With Massachusetts schools closed for the rest of the academic year,working parents find themselves pondering the same question: How can I keep my children entertained and up-to-date on their schoolworkall while working from home?
If youre a parent facing the prospect of keeping up with your career and homeschooling at the same time, here are a few helpful tips on making it work.
Set a schedule.
Whether your child is in pre-school or high school, theyre no doubt accustomed to being on a schedule inside the walls of their school. To help alleviate the stress of having their routines turned upside down, write the days schedule in a highly visible and highly trafficked place in your homeor use devices powered by Alexa or Google to set reminders. Discuss which tasks are expected to be done independently, without much or any adult help, and which may need a collaborative effort. Encourage suggestions from all family members about how to make things go even more smoothly the following day. Among other things, this sets clear expectations.
Think about how your kids spend their time in a more conventional school setting. Are they really doing hours of academic work each day? Probably not. Take into account transitions from class to class, the time it takes a teacher to work with twenty studentsversus one, and the time your childrenspend in recess, gym, and lunch. Tailor theirschedule and workload to what works for your family, and be sure to take breaks: grab a snack, cup of coffee, or a breath of fresh air with your child to break up your day. Studies show that taking breaks helps our brains perform better.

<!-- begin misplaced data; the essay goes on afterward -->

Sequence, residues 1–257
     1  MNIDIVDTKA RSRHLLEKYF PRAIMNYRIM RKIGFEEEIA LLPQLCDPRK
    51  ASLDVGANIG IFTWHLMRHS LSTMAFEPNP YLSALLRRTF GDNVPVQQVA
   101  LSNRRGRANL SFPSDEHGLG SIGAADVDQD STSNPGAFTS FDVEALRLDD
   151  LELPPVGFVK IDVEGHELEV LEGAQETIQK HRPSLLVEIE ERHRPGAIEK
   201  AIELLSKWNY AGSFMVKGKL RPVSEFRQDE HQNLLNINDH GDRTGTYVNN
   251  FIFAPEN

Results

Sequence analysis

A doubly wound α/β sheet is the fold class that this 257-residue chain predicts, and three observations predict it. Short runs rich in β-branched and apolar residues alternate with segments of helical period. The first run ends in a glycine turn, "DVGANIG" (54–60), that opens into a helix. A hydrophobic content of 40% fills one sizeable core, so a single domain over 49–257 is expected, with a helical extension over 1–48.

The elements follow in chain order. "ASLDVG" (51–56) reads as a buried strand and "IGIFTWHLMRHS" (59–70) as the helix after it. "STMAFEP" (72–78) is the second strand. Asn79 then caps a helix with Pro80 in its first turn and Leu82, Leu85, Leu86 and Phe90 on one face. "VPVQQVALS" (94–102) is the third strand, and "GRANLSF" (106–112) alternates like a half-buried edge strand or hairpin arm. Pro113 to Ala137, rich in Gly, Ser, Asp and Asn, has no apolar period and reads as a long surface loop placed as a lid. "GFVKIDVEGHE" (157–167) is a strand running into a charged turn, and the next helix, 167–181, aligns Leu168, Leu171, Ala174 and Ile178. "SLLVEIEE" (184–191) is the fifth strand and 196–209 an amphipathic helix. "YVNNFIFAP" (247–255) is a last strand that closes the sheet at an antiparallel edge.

Lean on virtual assistance.
Managing screen time is a point of contention when it comes to the age of your child,but in these times, its important to get help from where you can. Let people like renowned childrens author and artist Mo Willems teach an art class, or call on Les Mills to proctor a gym class. There are also a plethora of worksheets available from Lakeshore Learning to keep the activities going while you get your own work done.
Mix it up.
Schedules and a catalog of resources are great, but variety will keep your learners engaged and stave off the much-maligned sentiment of, Im bored. Talk to your child and determine whats workingand whats notbefore venturing out of comfort zones. Is your child an avid reader? Try Oxford Owl to foster some alone-time with an age-tailored story. Looking for a more hands-on task? Make organizing socks, toys, pencils, or the pantry into a game.
Keep it realistic.
At the end of the day, you have to do whats best for you and your family and that means you cant guarantee anything. Be realistic, not pessimistic. This can help you emotionally prepare for when your children push back. Give yourself and your kids space and grace to adjust to your new lifestyle, and try not to live in a world of absolutesif a schedule that has treated you well falls apart for a few days, dont fret! Breathe, prioritize, give your child a big hug, and do the best you can. Some days will be harder, but some days will feel easier, too.